We asked UK student Ilaria Mancinelli how her experience of studying in Japan compares to studying in the UK.
Japanese is a challenging language to master
When you open a Japanese book it is clear to see why this language is one of the most challenging to master. It has three different writing systems (katakana, hiragana and kanji) and features extensive use of Chinese kanji characters.
The opportunity to master a complex language and to experience a culture very different from own was the main reason I decided to study in Japan. I felt this would push me to do things I’ve never done before.
UK study offered me a lot of flexibility
I found that in the UK it is usually up to the student to manage their independent study time outside of their university timetable.
This kind of flexibility can allow students to take on a part time job, to help with paying the bills. I also found studying in this way allowed me to find a good balance between social life and studies.
Studying in Japan is intense...but rewarding
The main difference I noticed when I started my course at Keio University in Japan was the pace at which the course advanced. It was rapid. At first, this was intense. Weekly tests, long classes and high pass grades made this experience feel very different to the pace I was used to in the UK. International students from other countries also described their courses as intense compared studying in their home countries.
A lot of emphasis is placed on participation, attendance and punctuality in Japanese Universities, even to the extent that these contributed to twenty per cent of my final grade.
Initially this all came as a culture shock. However, I soon realised that Keio University is serious about students improving. Studying in this different education system allowed me to recognise the virtue of punctually and the benefits of going the extra mile.
My daily routine quickly changed
In Tokyo there is an array of restaurants all over the city, many of which are affordable and convenient. People tend to eat out rather than cook at home and it wasn’t long before this became part of my daily routine as well.
Visiting an onsen, a type of Japanese bath house, is a common way to unwind. I found a trip to my local onsen was the perfect way to relax after a day of intense study. I quickly became a regular visitor.
Of course, there are similarities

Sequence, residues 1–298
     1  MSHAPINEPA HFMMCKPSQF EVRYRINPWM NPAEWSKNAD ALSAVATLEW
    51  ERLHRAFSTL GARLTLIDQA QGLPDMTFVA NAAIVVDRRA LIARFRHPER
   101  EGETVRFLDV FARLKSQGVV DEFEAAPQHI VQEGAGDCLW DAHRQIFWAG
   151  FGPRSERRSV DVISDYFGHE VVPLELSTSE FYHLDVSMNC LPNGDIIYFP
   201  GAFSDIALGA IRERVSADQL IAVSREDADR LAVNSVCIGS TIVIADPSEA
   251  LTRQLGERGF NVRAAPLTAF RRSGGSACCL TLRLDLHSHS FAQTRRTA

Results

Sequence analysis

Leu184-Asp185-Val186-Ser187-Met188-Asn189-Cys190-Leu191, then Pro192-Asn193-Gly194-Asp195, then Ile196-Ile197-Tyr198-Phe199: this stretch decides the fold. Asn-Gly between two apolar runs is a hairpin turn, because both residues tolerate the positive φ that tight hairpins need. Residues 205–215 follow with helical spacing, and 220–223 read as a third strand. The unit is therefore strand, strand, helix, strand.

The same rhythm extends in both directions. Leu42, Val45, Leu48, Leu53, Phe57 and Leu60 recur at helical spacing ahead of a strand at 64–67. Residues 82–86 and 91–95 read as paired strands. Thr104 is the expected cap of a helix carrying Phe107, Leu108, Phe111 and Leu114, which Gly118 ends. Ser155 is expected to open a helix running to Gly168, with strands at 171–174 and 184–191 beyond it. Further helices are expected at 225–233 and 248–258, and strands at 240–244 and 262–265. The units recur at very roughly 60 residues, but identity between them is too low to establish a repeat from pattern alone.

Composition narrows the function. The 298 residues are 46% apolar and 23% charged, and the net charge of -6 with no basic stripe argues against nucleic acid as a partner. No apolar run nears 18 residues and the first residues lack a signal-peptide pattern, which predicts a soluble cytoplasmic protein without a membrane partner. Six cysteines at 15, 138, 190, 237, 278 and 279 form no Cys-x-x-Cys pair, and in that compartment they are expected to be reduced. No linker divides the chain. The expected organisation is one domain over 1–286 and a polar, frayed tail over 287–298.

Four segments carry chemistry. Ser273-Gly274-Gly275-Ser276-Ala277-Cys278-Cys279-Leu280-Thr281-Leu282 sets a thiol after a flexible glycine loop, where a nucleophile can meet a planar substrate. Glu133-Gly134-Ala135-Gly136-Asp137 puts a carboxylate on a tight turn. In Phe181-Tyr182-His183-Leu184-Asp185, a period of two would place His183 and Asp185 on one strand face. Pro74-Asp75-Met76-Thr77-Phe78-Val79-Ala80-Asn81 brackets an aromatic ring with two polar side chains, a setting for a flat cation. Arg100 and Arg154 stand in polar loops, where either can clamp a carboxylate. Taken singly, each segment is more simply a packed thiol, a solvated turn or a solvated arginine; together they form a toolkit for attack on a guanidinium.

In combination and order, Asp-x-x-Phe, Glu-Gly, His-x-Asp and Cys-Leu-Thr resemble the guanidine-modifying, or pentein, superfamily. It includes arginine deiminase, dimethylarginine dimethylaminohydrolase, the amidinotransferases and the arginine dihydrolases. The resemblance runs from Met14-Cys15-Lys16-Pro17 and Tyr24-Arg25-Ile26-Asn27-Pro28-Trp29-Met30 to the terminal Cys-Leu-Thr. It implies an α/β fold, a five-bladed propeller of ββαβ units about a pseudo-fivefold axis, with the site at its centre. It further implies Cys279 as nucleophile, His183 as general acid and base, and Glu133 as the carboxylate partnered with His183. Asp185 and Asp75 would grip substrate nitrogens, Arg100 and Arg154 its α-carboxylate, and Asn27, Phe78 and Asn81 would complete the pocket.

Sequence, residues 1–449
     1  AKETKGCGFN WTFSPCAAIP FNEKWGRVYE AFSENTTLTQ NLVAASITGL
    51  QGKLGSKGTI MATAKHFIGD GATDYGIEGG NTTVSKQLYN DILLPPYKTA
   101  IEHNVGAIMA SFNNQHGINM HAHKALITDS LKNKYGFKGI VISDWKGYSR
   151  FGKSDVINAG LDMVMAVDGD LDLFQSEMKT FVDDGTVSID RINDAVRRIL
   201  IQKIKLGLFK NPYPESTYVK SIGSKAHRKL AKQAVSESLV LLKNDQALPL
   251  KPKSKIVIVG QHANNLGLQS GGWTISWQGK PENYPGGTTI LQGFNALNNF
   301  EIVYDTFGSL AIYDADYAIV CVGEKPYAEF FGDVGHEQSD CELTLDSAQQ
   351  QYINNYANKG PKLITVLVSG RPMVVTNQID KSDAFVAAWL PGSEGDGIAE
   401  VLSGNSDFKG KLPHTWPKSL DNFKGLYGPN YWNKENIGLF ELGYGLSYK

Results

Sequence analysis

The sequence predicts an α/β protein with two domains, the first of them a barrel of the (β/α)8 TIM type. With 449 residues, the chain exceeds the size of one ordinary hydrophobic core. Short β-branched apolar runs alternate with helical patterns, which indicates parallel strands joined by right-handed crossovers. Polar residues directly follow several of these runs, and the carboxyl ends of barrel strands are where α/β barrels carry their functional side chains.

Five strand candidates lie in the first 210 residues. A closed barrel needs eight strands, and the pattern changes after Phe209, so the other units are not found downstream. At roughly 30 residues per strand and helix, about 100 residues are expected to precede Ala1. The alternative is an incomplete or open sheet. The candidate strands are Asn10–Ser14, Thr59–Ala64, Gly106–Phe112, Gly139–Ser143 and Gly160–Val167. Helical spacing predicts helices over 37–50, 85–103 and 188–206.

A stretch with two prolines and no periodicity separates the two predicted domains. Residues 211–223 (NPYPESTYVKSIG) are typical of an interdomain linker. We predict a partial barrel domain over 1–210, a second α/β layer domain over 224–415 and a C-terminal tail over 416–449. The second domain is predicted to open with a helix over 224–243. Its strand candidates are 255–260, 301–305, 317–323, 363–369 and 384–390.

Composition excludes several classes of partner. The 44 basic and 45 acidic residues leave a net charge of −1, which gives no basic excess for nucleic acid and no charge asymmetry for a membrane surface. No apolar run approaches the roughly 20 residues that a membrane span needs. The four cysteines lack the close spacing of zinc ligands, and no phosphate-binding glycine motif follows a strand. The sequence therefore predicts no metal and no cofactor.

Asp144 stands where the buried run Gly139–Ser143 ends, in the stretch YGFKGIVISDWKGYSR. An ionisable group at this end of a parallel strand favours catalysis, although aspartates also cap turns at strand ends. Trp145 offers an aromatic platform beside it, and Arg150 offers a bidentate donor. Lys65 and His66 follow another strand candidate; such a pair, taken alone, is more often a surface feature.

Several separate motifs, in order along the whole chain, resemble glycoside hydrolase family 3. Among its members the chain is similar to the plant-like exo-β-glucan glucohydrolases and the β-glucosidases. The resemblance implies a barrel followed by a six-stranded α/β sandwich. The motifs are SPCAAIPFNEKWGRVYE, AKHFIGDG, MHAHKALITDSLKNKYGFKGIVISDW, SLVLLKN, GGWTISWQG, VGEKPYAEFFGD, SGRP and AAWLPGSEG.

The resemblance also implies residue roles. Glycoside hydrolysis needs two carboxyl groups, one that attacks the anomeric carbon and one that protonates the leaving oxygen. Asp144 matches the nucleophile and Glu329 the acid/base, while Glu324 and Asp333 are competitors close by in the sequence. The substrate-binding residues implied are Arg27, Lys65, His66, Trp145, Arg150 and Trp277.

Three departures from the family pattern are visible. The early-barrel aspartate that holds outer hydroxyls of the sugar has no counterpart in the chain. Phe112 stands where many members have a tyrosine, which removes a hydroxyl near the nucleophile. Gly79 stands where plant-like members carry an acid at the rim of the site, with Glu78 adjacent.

At both of the universities I studied at I felt that help and support was provided for students when they needed it. Keio University ran a number of counselling and advice schemes on a variety of student issues which was really useful.
Another major similarity is the emphasis placed on extra-curricular activities like student societies and sport clubs. At both universities you could find a diverse range of activities to take part in no matter your interests. Societies ranged from Harry Potter fan clubs, snowboarding, Anime and martial arts like Kendo.
Japan changed my leisure habits
The public transport connections between cities are quick and efficient in Japan, particularly when compared to the UK. The cost of travelling by plane was also affordable which made travelling around the country straightforward.
At every opportunity I found myself taking up the chance to travel, often alongside other university or international students. I got the chance to ski in Sapporo, hike Japan’s tallest mountain and even try scuba diving in the crystal clear waters of Okinawa.
You don't need to speak Japanese fluently
Many people feel apprehensive about choosing Japan as a place of study if they don’t speak Japanese fluently. However, most universities in Japan offer courses in English for almost all subject areas. Additionally, there are a number of language courses designed for students looking to learn the language, no matter their ability.
You can find out about opportunities to study or research in Japan at the Experience Japan Exhibition in London on 18 November 2017.